The content of copper in austenitic stainless steels is generally in the range of 1 to 4 wt.%, whereas the content of copper in this range has no apparent effect on the steel microstructure. The copper is not the forming element of the niobium phase and it does not occur in the corresponding phases, whereas the effect of copper on the Nb phase precipitation could be neglected. Due to the differences in copper content in the composition of 1# and 2# deposited metals, it was considered that the precipitation of the second phase of the 1# deposited metal was consistent with the precipitation of the second phase of the 2# deposited metal.

The contents of Nb and Mo in the deposited metal were 0.365 wt.% and 0.017 wt.%, respectively, whereas the contents of niobium and molybdenum in the grain boundary and austenite grains were 0.235 wt.% and 0.853 wt.% respectively. According to the calculation results of Thermo-calc, the mass ratio of each element in the Nb (C, N) phases was Nb:N:C = 26:4:1, the nitrogen and carbon contents of niobium phases were 0.056 wt.% and 0.014 wt.%, where the nitrogen and carbon were dissolved into the grain boundary and within the austenite grains were 0.064 wt.% and 0.085 wt.%. For the 3# deposited metal through the same calculation method, the mass ratio of each element in the Nb (C, N) phases was Nb:N:C = 59:11:1, the distribution of niobium, nitrogen, carbon and molybdenum in the 2# and 3# deposited metals are presented in Table 5.

It was apparent that the content difference of the Nb(C, N) phases between the 2# and 3# deposited metals was quite high due to the niobium and carbon content differences. The precipitation amount of the 2# deposited metal niobium phase was approximately 2.2 times of the corresponding precipitation amount of 3# deposited metal. Also, the content of niobium in the austenite differed from the content in the austenite grains and the solidified sub-grain boundary. Correspondingly, the nitrogen and carbon contents of the two deposited metals was also different, the nitrogen content of the 3# deposited metal was 0.031 wt.%, whereas the carbon content was only 0.0028 wt.%. The Nb/(C + N) mass ratios of the 2# and 3# deposited metals were 2.73 and 1.33, respectively (the ratio of 2.05). According to the phase analysis results, it was demonstrated that the consumption of niobium in the deposited metal of the 3# and 2# was approximately 60%. This meant that the final consumptions of niobium were 0.365 wt.% and 0.167 wt.% respectively (the ratio of 2.19). It could be observed that the consumption of niobium increased as the Nb/ (C + N) ratio increased and the consumption had an approximately multiple relationship with the ratio of Nb/ (C + N). From the precipitation curve of the Nb (C, N) phase, it could be observed that a certain amount of Nb (C, N) would be produced when the temperature was below 700 °C. During the high temperature extended duration of the deposited metals, the solid solutions of carbon, nitrogen and niobium were precipitated in the form of Nb (C, N), M23C6, or other niobium phases. Therefore, the contents of solid soluble carbon, nitrogen and niobium in the grain boundaries and the matrix would continue to decrease.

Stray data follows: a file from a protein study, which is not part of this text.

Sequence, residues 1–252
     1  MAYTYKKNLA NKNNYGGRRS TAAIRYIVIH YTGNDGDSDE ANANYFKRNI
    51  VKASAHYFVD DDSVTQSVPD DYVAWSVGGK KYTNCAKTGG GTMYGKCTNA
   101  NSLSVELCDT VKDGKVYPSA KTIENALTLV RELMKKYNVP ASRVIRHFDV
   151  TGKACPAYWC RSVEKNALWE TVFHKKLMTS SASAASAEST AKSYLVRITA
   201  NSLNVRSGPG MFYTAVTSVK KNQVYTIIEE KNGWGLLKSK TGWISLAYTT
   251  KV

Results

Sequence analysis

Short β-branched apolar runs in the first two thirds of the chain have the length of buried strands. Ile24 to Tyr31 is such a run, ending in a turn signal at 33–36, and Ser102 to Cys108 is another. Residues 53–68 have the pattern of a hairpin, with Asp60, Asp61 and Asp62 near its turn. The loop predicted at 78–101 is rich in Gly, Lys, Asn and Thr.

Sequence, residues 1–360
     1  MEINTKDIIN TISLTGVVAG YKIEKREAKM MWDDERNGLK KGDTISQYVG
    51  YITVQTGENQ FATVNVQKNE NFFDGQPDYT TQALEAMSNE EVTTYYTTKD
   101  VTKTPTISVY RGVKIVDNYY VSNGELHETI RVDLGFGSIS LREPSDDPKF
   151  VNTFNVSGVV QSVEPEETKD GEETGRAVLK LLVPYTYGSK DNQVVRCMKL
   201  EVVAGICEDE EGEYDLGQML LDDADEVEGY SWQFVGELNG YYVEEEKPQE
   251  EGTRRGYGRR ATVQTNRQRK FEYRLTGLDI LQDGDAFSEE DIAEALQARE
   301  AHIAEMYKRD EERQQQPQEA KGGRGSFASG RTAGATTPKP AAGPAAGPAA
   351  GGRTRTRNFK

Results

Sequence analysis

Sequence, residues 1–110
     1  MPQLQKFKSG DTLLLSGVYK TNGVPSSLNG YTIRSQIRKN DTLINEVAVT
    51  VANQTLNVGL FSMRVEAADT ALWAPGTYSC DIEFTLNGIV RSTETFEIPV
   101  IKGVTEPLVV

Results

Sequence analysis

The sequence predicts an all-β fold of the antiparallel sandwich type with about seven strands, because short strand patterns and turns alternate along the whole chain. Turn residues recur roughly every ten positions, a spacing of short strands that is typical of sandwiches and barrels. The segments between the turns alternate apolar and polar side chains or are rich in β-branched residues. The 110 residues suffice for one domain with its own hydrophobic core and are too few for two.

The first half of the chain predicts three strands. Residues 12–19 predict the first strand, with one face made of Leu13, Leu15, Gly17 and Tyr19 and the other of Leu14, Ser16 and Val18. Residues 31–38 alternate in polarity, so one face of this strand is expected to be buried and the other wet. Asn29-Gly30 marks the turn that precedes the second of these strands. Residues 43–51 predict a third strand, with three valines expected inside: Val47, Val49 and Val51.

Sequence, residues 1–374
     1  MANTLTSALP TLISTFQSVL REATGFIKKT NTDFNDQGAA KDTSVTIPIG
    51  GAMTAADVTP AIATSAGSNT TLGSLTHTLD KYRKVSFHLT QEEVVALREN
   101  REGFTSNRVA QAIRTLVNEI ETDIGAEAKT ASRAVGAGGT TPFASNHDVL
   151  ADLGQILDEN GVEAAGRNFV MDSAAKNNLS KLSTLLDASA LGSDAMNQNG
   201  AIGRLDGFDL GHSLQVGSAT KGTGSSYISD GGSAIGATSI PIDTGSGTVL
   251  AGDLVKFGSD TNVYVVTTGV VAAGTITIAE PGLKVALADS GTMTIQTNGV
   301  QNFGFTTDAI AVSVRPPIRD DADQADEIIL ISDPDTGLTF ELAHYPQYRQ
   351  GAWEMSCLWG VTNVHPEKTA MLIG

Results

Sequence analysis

## Mechanical properties of deposited metals

The tensile test results of the three deposited metals at room temperature and the high temperature of 650 °C are presented in Fig. 14. At room temperature, the shrinkage of the 3# deposited metal sample was higher, the plasticity met the requirement and had a high margin. Although the yield strength of the three deposited metals was different, the lower strength of the 3# deposited metal still met the standard requirement. From the impact work, the impact toughness of the 3# deposited metal iswas the highest, whereas the corresponding impact work was 131 J and the impact value of the 1# and 2# deposited metals were 95 J and 109 J respectively. The comprehensive comparison displayed that the room temperature mechanical properties of the 3# deposited metal were better than the mechanical properties of the other two types of deposited metal. From the short-time tensile tests of the three deposited metals at 650 °C, although the performance indexes of the three deposited metals were reduced, the plasticity of the 3# deposited metal was still the best.

The contents of solid solution elements in the deposited metals were added into equation (1), where the following could be available:

$$\begin{array}{c}\begin{array}{l}{{\rm{R}}}_{{\rm{p0}}{\rm{.2}}}(1\#)=222.3+7.08{{\rm{d}}}^{-1/2}\\ {{\rm{R}}}_{{\rm{p0}}{\rm{.2}}}(2\#)=222.5+7.08{{\rm{d}}}^{-1/2}\end{array}\\ {{\rm{R}}}_{{\rm{p0}}{\rm{.2}}}(3\#)=212.3+7.08{{\rm{d}}}^{-1/2}\end{array}$$